Other Interpretations of the Texture Challenge:
http://thirdeyemom.com/2012/09/15/the-texture-of-guatemala/
http://eastofmalaga.net/2012/09/14/travel-theme-texture/
http://campanulladellaanna.wordpress.com/2012/09/14/travel-theme-texture/
http://scrapydo.wordpress.com/2012/09/16/travel-theme-texture/
http://laavventura.wordpress.com/2012/09/14/travel-theme-texture/
http://s1ngal.wordpress.com/2012/09/14/travel-theme-texture/
http://max510.com/2012/09/14/weekly-travel-theme-texture/
http://theurgetowander.com/2012/09/14/travel-theme-texture/
http://imissmetoo.me/2012/09/14/travel-theme-texture-land-meets-sea/
http://windagainstcurrent.com/2012/09/14/travel-theme-texture/
http://cinova.wordpress.com/2012/09/15/travel-theme-texture/
http://lucidgypsy.wordpress.com/2012/09/14/travel-theme-texture/
http://windagainstcurrent.com/2012/09/14/travel-theme-texture-take-two/
http://canoecommunications.wordpress.com/2012/09/14/travel-theme-textures-of-art/
http://therewildwest.wordpress.com/2012/09/14/travel-theme-texture/
http://lucidgypsy.wordpress.com/2012/09/14/travel-theme-texture/
http://ohmsweetohmdotme.wordpress.com/2012/09/14/travel-theme-texture/
http://lucidgypsy.wordpress.com/2012/09/14/travel-theme-texture/
http://gatheringbooks.wordpress.com/2012/09/15/photo-journaltravel-theme-texture/
http://shaanthz.wordpress.com/2012/09/14/travel-theme-texture/
http://memoriesaremadeofthisblog.wordpress.com/2012/09/15/travel-theme-textures/
http://rfljenksy.wordpress.com/2012/09/15/travel-theme-texture/
http://chasingbutterfliessunshineandfreedom.wordpress.com/2012/09/15/travel-theme-texture/
http://annarashbrook.wordpress.com/2012/09/15/travel-theme-texture/
http://ayearinmyshoes.wordpress.com/2012/09/15/weekly-travel-theme-texture/
http://50yearproject.wordpress.com/2012/09/15/travel-theme-texture/
http://joycannis.wordpress.com/2012/09/15/travel-theme-texture/
http://picturesinlivingcolor.wordpress.com/2012/09/15/texturefeeling-natural/
http://adinparadise.wordpress.com/2012/09/15/ailsas-travel-theme-texture/
http://ididitforjohnny.wordpress.com/2012/09/15/travel-theme-texture/
http://frontrangescribbles.com/2012/09/15/travel-theme-texture-2/
http://stephenkellycreative.wordpress.com/2012/09/15/ailsas-travel-theme-texture/
http://jobryantnz.wordpress.com/2012/09/16/travel-theme-texture/
http://jessworrall.wordpress.com/2012/09/16/travel-theme-texture/
http://lovinthetrip.wordpress.com/2012/09/15/texture-its-everywhere-can-you-feel-it/
http://francineinretirement.wordpress.com/2012/09/15/travel-theme-texture/
http://canadiantravelbugs.wordpress.com/2012/09/16/travel-theme-texture/
http://fourdeeroak.wordpress.com/2012/09/15/travel-theme-texture/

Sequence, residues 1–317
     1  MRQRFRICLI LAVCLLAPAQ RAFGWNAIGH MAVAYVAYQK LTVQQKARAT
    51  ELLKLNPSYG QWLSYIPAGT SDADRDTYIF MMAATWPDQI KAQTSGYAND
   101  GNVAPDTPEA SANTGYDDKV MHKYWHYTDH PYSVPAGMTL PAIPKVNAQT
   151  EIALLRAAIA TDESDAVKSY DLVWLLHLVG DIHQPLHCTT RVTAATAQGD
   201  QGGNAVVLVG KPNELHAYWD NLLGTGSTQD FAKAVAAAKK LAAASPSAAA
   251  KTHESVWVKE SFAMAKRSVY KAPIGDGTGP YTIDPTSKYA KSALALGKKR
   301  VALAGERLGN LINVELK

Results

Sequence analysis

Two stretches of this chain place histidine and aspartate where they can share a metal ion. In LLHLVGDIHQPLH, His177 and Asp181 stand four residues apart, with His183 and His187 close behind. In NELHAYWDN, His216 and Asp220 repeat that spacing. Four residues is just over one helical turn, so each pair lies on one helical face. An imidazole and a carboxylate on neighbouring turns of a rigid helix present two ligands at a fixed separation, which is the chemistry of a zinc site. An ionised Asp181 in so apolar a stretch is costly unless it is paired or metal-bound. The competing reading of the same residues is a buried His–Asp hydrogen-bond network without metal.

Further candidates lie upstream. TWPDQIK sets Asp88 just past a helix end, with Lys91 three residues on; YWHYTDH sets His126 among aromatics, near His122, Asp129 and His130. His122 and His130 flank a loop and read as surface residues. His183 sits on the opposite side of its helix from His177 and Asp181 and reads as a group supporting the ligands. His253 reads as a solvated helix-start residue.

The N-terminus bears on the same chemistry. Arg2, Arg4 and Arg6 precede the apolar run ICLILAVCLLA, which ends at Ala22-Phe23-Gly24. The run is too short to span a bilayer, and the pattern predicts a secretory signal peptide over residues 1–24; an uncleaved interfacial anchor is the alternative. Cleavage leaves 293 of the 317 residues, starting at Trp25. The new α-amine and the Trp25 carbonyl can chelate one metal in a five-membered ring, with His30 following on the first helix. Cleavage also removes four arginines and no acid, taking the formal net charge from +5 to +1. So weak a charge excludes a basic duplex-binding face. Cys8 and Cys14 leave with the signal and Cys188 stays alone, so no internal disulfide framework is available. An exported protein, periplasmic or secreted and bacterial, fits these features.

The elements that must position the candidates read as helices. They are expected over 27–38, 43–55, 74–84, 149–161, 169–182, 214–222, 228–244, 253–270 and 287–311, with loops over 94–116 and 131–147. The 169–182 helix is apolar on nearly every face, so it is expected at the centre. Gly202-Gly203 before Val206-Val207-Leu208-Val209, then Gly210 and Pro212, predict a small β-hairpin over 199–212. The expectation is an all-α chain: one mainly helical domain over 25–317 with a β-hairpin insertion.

http://lynneayersbeyondthebrush.wordpress.com/2012/09/15/2944/
http://catbirdinoman.wordpress.com/2012/09/16/travel-theme-texture/
http://thewanderlustgene.wordpress.com/2012/09/16/touch-it-feel-it/
http://seraphim6.me/2012/09/15/travel-theme-texture-man-imitates-nature/
http://mothergrogan.wordpress.com/2012/09/16/travel-theme-texture/
http://quotidianhudsonriver.com/2012/09/16/travel-themetexture-9-15-12/

51 Comments

Filed under Architecture, Art, Culture, International, Photography, Photos, travel, Travel Challenge

Tunes Tuesday: Elton John

Elton John has so many wonderfully written songs, I am sure he will appear in this Tuesday Tunes series again, but this week, I am going to feature “Your Song.”

My husband and I celebrated our five year wedding anniversary this week and this was the song that was played at both of our weddings. In Baltimore, we used the traditional version of the song. In Argentina, we used the Moulin Rouge version of the song and came out from behind long red curtains to friends and family and bubbles as the opera starts – these are precious memories I will treasure always.

This song is simple, but delivers such a sweet message. “How wonderful life is, while you’re in the world…” I hope you agree.

Your Song
Elton John

It’s a little bit funny, this feeling inside
I’m not one of those who can easily hide
I don’t have much money, but boy if I did
I’d buy a big house where we both could live

If I was a sculptor, but then again, no
Or a man who makes potions in a traveling show
I know it’s not much, but it’s the best I can do
My gift is my song, and this one’s for you

And you can tell everybody this is your song
It may be quite simple, but now that it’s done
I hope you don’t mind, I hope you don’t mind that I put down in words
How wonderful life is while you’re in the world

I sat on the roof and kicked off the moss
Well, a few of the verses, well, they’ve got me quite cross
But the sun’s been quite kind while I wrote this song
It’s for people like you that keep it turned on

So excuse me forgetting, but these things I do
You see I’ve forgotten if they’re green or they’re blue
Anyway the thing is what I really mean
Yours are the sweetest eyes I’ve ever seen

And you can tell everybody this is your song
It may be quite simple, but now that it’s done
I hope you don’t mind, I hope you don’t mind that I put down in words
How wonderful life is while you’re in the world

I hope you don’t mind, I hope you don’t mind that I put down in words
How wonderful life is while you’re in the world

What do you think? What was your wedding song? Does it still hold a special place in your heart or has its power worn off? If you are not married, what would you like to dance to at your wedding if you got married?